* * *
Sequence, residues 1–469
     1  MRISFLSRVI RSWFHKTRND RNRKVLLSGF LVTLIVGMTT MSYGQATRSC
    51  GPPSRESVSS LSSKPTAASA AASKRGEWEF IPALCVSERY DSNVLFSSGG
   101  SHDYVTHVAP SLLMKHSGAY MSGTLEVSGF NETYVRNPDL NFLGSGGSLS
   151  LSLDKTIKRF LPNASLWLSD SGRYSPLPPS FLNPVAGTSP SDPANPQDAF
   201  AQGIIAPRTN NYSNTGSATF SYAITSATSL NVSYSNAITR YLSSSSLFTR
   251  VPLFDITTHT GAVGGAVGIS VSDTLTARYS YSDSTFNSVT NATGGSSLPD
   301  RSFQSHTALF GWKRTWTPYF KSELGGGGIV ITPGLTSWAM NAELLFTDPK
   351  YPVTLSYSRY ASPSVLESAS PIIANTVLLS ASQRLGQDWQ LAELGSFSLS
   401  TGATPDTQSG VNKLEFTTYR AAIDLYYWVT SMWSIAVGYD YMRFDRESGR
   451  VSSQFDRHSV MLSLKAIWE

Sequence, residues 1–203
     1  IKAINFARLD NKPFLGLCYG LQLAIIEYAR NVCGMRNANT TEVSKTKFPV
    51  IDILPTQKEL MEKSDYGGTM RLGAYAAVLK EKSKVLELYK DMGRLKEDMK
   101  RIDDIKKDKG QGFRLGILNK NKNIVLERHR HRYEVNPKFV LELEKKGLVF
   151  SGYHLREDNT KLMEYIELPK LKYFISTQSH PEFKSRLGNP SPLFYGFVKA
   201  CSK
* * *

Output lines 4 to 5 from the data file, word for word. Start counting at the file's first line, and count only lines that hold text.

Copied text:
   101  SHDYVTHVAP SLLMKHSGAY MSGTLEVSGF NETYVRNPDL NFLGSGGSLS
   151  LSLDKTIKRF LPNASLWLSD SGRYSPLPPS FLNPVAGTSP SDPANPQDAF